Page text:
de·caf (/ˈdēˌkaf/) n. – Coffee without coffee

by ANNE GARDNER
edited by ANDREW HICKS

Image from Cubiclecoffee.com

Today begins like any other day, except that by the time I roll out of bed it’s already too hot outside to be alive. This morning, we get up, we take baths, and we get ready for my 4 year old’s play date. If you do not yet have children, doubtless you are unaware of the glorious splendor of the drop-off play date. And if you only have one child, please realize the play date becomes exponentially more glorious once you are parent to multiple children.

So we get ready, and we load ourselves into the car and head down to my daughter’s friend’s house. I drop her off, make plans with the mom for pick up, and then head on over to my happy haven, Starbucks. At this point, I just have my 4 month old in the car. It’s 105 degrees outside, so we decide to take advantage of the drive thru. Just my luck, there’s no line. I pull up, place my order, and pull around to the window to await my pseudo-refreshment.

Why do you call it pseudo-refreshment, Anne? you ask. Well, since my son was born, I’ve sworn off caffeine. Caffeine passes through breast milk, and since I’m breastfeeding and would prefer not to have to care for a rowdy infant, I’ve been assuaging my coffee addiction by ordering decaf instead. And in terms of taste, I’ve actually grown accustomed to decaf and can no longer tell the difference.

The angel at the window passes me my drink and breakfast sandwich, and she swipes my Starbucks Gold Card (yeah, that’s right) for payment. While I wait for her to process payment, I realize my drive-thru barrista has forgotten my straw. And, in an amazing demonstration of willpower, I somehow resist the compulsion to stick my tongue through the hole in the top to lick some of the whipped cream in the meantime.

I get my straw, pull forward, unsheathe the straw and slip it into my drink. Casually taking a sip, I immediately have to put on the brakes just before the exit. As the icy-cool and delicious full-fat, extra-whip Mocha Coconut Frappuccino hits the back of my throat, my eyes roll back into my head. A chill runs down my spine, and I have something that feels an awful lot like a mini-orgasm. Before I can suppress my religious upbringing, I’ve uttered a silent prayer of gratitude that goes something like, “Thank the Sweet Lord Jesus Christ in heaven.”

I stare down at my drink in wonder. What happened here? This is crazy. Oh… right. Somehow, maybe through some intervention of fate, I forgot to order decaf. And now I’m like an addict taking a blissful leap off the wagon and landing in a dark, bittersweet, rush-inducing pool of caffeine. I take another long sip to curb the sudden, irrational urge to dip my finger in my Frappuccino and rub it on my gums.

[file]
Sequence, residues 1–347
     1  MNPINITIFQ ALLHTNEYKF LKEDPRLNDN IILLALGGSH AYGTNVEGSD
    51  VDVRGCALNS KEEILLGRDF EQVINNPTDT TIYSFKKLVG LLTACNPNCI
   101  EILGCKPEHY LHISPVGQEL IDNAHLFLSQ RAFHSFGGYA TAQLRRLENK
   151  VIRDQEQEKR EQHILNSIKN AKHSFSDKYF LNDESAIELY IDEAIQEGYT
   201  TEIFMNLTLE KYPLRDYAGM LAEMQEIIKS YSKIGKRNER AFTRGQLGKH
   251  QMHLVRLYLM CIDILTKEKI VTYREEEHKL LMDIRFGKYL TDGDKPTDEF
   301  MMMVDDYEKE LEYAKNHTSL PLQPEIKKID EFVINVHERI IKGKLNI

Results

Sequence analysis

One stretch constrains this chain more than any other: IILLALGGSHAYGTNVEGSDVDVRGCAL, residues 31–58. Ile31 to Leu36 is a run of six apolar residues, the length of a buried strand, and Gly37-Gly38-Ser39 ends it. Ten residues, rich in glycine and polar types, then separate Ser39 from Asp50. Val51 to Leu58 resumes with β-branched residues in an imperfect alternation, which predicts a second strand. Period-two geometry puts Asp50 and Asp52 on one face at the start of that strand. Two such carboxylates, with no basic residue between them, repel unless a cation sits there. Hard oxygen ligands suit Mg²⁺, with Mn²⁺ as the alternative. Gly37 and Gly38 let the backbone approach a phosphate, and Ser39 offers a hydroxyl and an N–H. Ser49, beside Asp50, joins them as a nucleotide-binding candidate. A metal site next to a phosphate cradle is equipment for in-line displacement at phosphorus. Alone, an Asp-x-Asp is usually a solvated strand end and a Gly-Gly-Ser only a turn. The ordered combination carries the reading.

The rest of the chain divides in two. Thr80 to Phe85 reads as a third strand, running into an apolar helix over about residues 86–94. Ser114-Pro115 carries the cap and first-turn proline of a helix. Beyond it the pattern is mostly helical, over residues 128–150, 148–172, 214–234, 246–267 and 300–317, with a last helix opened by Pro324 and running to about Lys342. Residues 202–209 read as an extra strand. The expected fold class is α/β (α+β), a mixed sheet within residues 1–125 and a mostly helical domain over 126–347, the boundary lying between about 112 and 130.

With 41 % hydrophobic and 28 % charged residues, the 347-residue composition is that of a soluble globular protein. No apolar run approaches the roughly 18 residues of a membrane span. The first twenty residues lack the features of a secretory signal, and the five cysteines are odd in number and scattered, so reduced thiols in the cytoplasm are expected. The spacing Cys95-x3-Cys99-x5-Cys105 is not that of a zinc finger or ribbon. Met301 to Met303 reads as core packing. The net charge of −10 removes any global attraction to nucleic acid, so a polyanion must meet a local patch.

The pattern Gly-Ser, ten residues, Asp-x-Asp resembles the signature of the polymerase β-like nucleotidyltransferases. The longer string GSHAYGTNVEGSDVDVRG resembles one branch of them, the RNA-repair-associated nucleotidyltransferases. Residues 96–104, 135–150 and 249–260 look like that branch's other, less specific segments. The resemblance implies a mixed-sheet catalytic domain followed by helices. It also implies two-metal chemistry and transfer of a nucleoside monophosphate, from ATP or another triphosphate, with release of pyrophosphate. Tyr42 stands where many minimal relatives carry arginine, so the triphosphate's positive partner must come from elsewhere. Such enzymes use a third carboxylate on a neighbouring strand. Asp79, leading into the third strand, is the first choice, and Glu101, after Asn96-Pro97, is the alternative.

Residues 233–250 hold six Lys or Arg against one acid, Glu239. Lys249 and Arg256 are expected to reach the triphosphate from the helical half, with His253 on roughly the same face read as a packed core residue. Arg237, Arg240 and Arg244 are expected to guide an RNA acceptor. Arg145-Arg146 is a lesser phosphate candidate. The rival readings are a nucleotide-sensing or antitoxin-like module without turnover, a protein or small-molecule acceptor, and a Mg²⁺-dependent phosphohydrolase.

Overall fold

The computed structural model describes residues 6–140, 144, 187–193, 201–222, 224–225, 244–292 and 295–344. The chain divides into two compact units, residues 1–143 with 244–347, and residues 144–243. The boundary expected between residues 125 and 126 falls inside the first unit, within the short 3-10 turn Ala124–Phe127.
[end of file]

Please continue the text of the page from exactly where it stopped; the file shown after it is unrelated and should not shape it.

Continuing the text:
For a millisecond, I consider correcting my mistake. Silly me. As if I can allow that to happen. Then I realize another mistake, too: I CAN tell the difference between regular and decaf. And, oh, have I missed my precious, precious caffeine. I didn’t realize just how much.

On the way home, I can think of little else besides my serendipitous drink. And I’m happy, feeling energetic and less zombie-like with every moment. The familiar shakes are starting to come back, and my brain began working at lightning speeds again.

Now my mom calls to arrange pickup of my 4 year old, since she’ll be in the neighborhood. I’m giving directions: “Go south on State Street and take a right at the first stop sign, before you get to Steak N Shake.”

She repeats my words: “South on State. Right at stop sign before Starbucks.”

“No. Steak ‘n Shake. Right at the stop sign before Steak ‘n Shake.”

“You said Starbucks,” Mom informs me.

“I did?!” I laugh and tell her about my morning. I leave out the part about the mini-orgasm. Starbucks has me, and has me good. No turning back now.

When I get home, my husband and I chat for a bit before he points out a difference in my mood. I tell him the story. He stares at me, mouth gaping open. I ask, “What?”

“If that’s what you need, drink the damn coffee,” he says.

“What about the baby?”

“He’ll have to deal with it. You clearly need it. Drink coffee.” My husband, the enabler.

I guess that’s that. My son didn’t seem any different today, either. No more active or sleepless than any other day. And now I almost can’t wait until the morning, when I can select REAL coffee to brew. I can almost smell it: steamy, dark, sinister… seductive.

My name is Anne, and I’m a card-carrying, coffee-sniffing, caffeine-addicted, mocha-caramel-hazelnut-peppermint-toffee-vanilla-any-flavor-loving Javaholic. And it’s been *sluuuuuuuuurp* seconds since my last drink…

One Comment to “de·caf (/ˈdēˌkaf/) n. – Coffee without coffee”

  1. Ohhhh I SO hear you on this. Nice definition too ;o)

%d bloggers like this: